Stinging Nettle is dioecious with male and female flowers on separate plants whereas Small Nettle is monoecious. The male flowers are yellowish or purplish starting out as near-spherical green bobbles, strung out in drooping tassels or catkins that do not droop very much. When open they have four very narrow but longish (in relation to their minuscule size) stamens out-stretched like petals into a cross. The female flowers tassels or catkins tend to droop much more, dangle would be more appropriate, are slightly smaller but still roundish, and are greenish with fuzzy white stigmas (when opened) or green when not yet open.
The stems contain coarse fibres that have in the past 2000 years been used to make textiles and clothing. As recently as World War I the German Army made their uniforms out of the fibres when cotton became scarce.
The Romans introduced Roman Nettle (Urtica pilulifera) which is monoecious and an annual and which reportedly has a worse sting but it does not seem to have been spotted in the wild in the UK since the advent of the 21st century. The Romans used to keep themselves warm by beating their skin with this stinging plant. Flagellation beats everything. It has large green spheres covered in stinging hairs.
It is claimed by some texts that the bicyclic octapeptide moroidin is also found in nettle stings, and that it is this compound that is responsible for most of the pain and redness of nettle rash. It was first discovered in the trichomes of Laportea moroides (hence the name), otherwise known as the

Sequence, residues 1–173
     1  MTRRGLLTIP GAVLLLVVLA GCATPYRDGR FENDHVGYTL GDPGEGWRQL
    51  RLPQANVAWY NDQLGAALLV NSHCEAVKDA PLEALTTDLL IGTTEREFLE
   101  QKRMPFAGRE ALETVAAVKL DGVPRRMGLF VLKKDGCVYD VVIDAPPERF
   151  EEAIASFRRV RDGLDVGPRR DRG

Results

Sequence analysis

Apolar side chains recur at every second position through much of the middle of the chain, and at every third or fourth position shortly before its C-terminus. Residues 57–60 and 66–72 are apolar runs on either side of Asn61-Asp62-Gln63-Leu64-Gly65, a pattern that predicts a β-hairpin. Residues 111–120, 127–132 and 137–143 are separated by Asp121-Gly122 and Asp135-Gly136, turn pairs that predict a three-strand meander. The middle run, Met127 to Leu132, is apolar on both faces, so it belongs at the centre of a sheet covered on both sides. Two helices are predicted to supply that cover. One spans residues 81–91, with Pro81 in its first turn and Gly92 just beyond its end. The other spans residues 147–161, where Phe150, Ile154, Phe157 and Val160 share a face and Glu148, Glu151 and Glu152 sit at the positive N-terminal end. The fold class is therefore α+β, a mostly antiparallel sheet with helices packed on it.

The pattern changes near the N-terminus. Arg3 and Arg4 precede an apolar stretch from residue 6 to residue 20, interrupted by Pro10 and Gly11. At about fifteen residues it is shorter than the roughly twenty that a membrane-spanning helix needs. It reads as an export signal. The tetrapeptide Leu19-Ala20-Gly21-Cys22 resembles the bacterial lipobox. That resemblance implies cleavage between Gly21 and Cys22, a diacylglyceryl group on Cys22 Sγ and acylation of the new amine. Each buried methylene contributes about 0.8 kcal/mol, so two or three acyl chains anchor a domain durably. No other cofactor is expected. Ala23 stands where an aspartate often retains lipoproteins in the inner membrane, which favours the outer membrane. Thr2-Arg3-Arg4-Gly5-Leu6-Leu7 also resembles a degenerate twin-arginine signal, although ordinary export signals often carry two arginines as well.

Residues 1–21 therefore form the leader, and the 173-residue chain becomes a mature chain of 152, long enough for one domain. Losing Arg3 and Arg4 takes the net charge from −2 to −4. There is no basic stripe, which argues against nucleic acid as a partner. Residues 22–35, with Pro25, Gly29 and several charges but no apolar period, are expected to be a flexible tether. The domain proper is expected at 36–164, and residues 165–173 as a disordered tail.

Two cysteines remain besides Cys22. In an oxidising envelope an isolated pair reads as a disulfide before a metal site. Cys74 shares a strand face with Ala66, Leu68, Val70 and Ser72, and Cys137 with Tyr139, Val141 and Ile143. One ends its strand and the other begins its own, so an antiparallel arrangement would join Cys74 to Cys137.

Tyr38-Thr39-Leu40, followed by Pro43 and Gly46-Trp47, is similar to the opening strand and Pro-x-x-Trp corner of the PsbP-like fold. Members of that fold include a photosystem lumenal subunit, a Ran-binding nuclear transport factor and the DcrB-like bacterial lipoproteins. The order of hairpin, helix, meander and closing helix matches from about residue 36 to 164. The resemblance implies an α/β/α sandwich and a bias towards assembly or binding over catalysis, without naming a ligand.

Gympie Bush, with which contact is a far more terrifying ordeal than is Stinging Nettle, for the painful rash can last for months, or even forever, and there is no cure. Moroidin has anti-mitotic activity because it strongly inhibits the polymerization of tubulin, meaning it interferes with cell division. Moroidin is structurally related to a whole family of Celogentins, which are present in the seeds of the plant Celosia argentea which belongs to the (Amaranthaceae family). The three highly unusual bonds in Moroidin are shown in red.
These substances are bicyclic peptides and tend to be highly resistant to digestion within the stomach and can persist in the digestive tract. Although not present in Nettle, there also exists a plethora of other bicyclic polypeptides such as α-Amanitin, the highly toxic principle responsible for many fatalities after consuming
Death Cap (Amanita phalloides) mushrooms. Cyclosporin A, a synthetic mono-cyclic polypeptide is used as an immunosuppressant drug in organ transplants. Echinomycin is another bicyclic polypeptide produced within various bacteria and is used medicinally as an antibiotic. There are hundreds more.